Date of Submission

Spring 2020

Academic Program


Project Advisor 1

Gabriel Perron

Project Advisor 2

Swapan Jain

Abstract/Artist's Statement

Antibiotic resistance is currently one of the greatest threats to human health. The global overuse of antibiotics in human medicine and in agriculture has created what is now known as the antibiotic resistance crisis. Antibiotic resistance occurs when bacteria develop the ability to defeat the drugs designed to kill them, and, as a result, antibiotics are no longer effective at killing harmful bacteria. Food safety and accessibility is key to achieving a sustainable food future where everything that is produced is consumed or reused in some way. The carrot, Daucus carota, is a root vegetable and is important to study because root vegetables act as a link between the soil and food microbiomes. To investigate how food preservation techniques affect the accessibility to safe food, free of pathogens as well as antibiotic-resistant bacteria, we stored chopped carrots in mason jars at varying temperatures and inoculated each jar with Escherichia coli (E. coli) to test how pathogen abundance changes with different temperatures. We also investigated how fermentation and addition of spices can affect the microbial communities within each jar. Chopped carrots were fermented in 2% salt brine, fermented with turmeric (Curcuma longa), ginger (Zingiber officinale Roscoe), and garlic (Allium sativum) to test not only if the fermentation technique affects food safety, but also to determine if the presence of spice plays a role. In addition we tested the abundance of class 1 integrons (IntI1), which is a gene used as an indicator of antibiotic pollution. We found that the microbial composition in fermented samples were similar to one another, suggesting that fermentation selects for specific microbial communities over time. Temperature showed a significant effect on the average abundance of IntI1, with 7°C showing the lowest overall abundance in both non-E.coli and E. coli inoculated samples. Spices showed no significant effect on IntI1 abundance, however turmeric samples inoculated with E. coli had lower IntI1 abundance compared to the other spice treatments.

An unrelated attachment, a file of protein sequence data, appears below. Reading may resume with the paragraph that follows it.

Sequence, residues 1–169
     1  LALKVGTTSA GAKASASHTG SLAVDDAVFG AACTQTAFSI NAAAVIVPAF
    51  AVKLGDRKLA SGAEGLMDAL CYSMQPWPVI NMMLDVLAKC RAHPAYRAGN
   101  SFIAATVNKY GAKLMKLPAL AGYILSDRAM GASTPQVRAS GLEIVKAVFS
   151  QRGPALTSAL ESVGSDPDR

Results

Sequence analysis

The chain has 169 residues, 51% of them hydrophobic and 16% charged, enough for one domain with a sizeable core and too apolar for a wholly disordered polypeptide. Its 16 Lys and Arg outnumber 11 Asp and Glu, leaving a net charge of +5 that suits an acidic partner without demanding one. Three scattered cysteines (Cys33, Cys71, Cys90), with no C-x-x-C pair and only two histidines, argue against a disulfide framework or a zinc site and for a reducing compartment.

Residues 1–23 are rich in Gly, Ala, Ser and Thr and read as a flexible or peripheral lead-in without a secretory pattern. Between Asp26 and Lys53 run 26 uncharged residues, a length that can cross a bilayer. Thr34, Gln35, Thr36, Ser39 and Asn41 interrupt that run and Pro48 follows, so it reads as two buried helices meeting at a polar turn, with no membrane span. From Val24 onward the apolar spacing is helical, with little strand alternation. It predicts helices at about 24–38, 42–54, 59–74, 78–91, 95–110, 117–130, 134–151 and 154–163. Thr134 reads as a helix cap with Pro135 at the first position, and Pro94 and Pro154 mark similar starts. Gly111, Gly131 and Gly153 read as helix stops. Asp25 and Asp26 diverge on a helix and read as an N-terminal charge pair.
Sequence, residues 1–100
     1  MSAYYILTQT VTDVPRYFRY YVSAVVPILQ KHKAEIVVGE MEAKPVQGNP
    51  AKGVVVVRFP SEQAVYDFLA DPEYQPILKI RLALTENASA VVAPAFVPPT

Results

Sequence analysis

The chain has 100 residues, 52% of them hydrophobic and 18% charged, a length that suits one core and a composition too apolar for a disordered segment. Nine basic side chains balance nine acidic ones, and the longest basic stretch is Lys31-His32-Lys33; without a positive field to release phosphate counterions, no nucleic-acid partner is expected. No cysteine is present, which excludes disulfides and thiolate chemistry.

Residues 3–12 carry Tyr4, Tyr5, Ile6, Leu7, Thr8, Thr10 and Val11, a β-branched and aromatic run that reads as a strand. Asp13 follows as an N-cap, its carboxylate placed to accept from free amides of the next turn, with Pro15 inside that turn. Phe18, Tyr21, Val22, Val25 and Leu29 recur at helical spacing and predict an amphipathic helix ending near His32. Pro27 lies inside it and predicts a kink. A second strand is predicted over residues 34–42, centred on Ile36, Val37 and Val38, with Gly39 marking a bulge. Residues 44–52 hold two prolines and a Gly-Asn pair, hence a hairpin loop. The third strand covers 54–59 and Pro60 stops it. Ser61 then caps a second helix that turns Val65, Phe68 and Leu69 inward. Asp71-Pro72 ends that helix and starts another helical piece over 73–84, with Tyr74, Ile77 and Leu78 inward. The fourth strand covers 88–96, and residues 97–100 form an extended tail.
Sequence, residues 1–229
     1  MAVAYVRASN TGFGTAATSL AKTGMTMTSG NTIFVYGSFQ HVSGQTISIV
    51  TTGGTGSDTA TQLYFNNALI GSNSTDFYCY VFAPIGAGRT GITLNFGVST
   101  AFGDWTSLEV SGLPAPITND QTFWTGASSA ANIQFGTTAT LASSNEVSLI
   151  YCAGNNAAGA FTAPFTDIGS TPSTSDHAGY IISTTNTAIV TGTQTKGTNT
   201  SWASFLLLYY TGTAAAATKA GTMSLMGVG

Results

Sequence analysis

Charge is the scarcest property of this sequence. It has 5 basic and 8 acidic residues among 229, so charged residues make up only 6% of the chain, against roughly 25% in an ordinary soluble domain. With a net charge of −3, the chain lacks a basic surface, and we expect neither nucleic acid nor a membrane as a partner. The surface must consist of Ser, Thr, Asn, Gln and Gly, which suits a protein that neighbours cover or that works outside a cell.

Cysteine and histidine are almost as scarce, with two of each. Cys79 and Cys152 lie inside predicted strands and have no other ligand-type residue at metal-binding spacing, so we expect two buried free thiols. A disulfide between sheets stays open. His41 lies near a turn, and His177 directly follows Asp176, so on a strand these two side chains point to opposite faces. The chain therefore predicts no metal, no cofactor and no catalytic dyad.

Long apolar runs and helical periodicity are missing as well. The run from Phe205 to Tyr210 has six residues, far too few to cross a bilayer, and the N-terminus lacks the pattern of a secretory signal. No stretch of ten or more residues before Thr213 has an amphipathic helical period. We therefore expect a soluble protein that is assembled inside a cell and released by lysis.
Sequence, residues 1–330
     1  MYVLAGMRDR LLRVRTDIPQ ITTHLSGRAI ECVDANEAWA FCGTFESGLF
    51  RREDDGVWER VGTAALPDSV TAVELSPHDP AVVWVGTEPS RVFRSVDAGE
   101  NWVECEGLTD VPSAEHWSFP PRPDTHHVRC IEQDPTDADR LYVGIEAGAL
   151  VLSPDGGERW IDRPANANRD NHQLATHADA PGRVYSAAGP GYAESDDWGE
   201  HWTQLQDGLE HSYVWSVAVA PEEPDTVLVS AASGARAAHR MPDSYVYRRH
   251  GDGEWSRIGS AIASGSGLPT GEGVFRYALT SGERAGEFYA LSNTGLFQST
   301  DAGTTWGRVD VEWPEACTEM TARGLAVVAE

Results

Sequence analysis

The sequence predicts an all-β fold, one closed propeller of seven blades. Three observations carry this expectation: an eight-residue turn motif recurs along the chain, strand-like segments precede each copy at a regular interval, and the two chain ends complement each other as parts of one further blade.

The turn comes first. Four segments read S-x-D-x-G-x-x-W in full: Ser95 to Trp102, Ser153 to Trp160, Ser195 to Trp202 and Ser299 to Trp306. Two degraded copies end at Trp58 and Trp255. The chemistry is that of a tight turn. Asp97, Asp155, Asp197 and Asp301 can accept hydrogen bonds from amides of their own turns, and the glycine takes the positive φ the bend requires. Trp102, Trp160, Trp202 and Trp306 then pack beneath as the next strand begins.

Open Access Agreement

On-Campus only

Creative Commons License

Creative Commons License
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